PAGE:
This crept out when I was supposed to be writing about Other Things. It’s a sort of story. And sort of Christmassy (well, there’s snow). I hope you like it.
Charlie, in the Snow
The snow is falling, white and wet, in the way of snow. I watch it settle in her eyelashes and in her hair. I watch her watching it.
My little sister. Charlie.
Big, pale, blue eyes (the blue of winter shadows, the blue caught beneath thick ice). Pink, parted, cupid lips. Just seven years old as she stands there amidst the sparkle, with her small, soft arms lifted towards the blackness beyond it all, her mittens dangling from her wrists.
The mitten-strings are invisible so that the gloves themselves appear to float alone like some magic trick. Small, lilac clouds. And I notice how Charlie is swaying, just perceptibly, in her moon-boots. I stare at her woolly knees and at her blond hair and her rosy cheeks and I think how people are right; she is truly “Angelic”. She doesn’t belong in this world; everyone agrees.
Ever since she learnt to talk, she has told us herself: God is here. Inside me.
Of course she was the first to know. Mom never told her to say such things, despite what certain folk imagine. The truth, I think, is that Mom is actually a little scared of Charlie, underneath. But then aren’t we all a bit afraid of her in our secret, separate ways? And that’s right, isn’t? Shouldn’t holiness, after all, be at least partly frightening? Awesome – I think, and I don’t use that word the way that other kids would.
As I stare at Charlie, I try to see it, that hard place, that holiness inside her. A thread of burning ice amidst that softness. It’s probably clearest when she’s Healing, whether she’s illuminated by the angled spotlights and generous candle-dazzle surrounding our Church’s altar, or caught within the smaller, nervy flicker and fug of a Chosen sickroom. Perhaps you might glimpse the Truth inside her then, as she lays on her small, splayed hands. It’s there in the pinched concentration of her doll-like features, in the increased frosting of her gaze. A kind of ghost-light, which further enhances that wintry blue, while the Uncured groan and shudder underneath her. When they finally give in, weeping, to her shivering touch.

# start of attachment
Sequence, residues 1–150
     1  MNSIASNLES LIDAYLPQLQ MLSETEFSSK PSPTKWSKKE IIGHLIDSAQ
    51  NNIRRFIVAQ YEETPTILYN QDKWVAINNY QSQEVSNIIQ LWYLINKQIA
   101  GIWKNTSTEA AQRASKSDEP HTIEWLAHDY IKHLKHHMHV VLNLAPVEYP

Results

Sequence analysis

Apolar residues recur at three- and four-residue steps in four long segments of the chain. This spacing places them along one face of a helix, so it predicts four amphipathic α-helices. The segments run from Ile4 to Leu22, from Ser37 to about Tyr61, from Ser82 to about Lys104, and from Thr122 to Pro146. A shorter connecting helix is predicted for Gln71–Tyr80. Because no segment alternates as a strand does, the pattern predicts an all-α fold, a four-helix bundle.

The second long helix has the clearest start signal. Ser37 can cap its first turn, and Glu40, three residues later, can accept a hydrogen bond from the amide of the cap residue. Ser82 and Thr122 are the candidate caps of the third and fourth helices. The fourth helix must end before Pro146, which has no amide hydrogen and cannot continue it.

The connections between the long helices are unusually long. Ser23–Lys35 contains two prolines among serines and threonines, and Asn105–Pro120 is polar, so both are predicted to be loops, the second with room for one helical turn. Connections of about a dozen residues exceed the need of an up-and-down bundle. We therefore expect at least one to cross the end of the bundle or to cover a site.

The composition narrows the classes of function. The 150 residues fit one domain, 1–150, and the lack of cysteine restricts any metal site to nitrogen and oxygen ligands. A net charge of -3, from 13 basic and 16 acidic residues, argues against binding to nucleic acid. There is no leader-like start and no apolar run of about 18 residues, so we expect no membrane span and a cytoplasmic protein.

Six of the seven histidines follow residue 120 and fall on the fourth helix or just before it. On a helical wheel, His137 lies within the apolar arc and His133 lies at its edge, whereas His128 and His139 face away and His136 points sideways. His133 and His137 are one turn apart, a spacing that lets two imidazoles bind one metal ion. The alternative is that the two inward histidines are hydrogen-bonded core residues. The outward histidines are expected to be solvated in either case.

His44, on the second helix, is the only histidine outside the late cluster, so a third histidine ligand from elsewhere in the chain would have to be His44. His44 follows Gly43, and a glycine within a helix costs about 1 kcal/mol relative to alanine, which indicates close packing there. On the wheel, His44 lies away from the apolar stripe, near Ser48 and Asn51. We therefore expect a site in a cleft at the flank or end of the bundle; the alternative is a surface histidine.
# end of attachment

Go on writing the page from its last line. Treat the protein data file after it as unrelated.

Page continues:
It’s because you can see Him moving through her, Mom says. His Holy Spirit.
But I can’t see that coldness in Charlie now. That icy flame is nowhere close.
Right now, with her head flung back and her gold hair pouring and glimmering past her fallen hood – right now, as she catches flakes like feathers on her lapping tongue, my kid-sister looks like any child. Like any seven year old, lost simply to the magic of snow, to that dizzying, obliterating tumble. And usually, even when she’s not Healing or Praying, when she’s not ablaze, but meant to be simply playing, or resting, Charlie’s expression remains careful, guarded. It’s an old-lady look, almost – but not tonight. Tonight, she stands gawping and open before the whirling sky.
Dumbstruck, I think, and maybe that’s why I dare to bend to my knees amidst the wetness and scoop up a handful, packing it tight against my already-stinging, blotching palms.
And “Charlie!” I call in a teasing voice, as if this is something I always do, something quite natural to us – as I draw back my arm and throw.
The snowball hits her squarely in the middle of her back. It drops in satisfying cream-pie strings from the ends of her shining hair. And I’m immediately gasping, bent with laughter at my own audacity; I’m helpless as she turns, still caught in a kind of halting, jarring wonder, towards me, her blue eyes wider than ever.
“Hey,” she calls, “Hey you, Sammy!”
But through the stars, through the shattering glass piercing my own hot, wet vision, I see that her flushed face remains open, that her red mouth remains open; she’s grinning back – and then she’s crouching against the thick white, packing her own ball in return. And she doesn’t pause to pull her mittens on, she’s too determined. She’s going to get me too – except that then, when she straightens, something happens. Her shoulders hunch as she lifts her face and sees not just me, I understand that – but the Church looming over us, its relentless light glaring in garish patches at my back. Painting trapdoor panels in the settled snow between us.
I watch Charlie’s hand fall open. A small pink starfish. The laughter dries on my clumsy, chapping lips and my mouth feels full of stones as the whiteness slithers from her fingers.
And suddenly I see that there is perhaps nothing illuminating her gaze except that yellow from the Church windows –
Nonetheless, I bow my head as she pads past, her precise, little footsteps almost silent as she returns inside to save us all.
By Megan Taylor, December 2009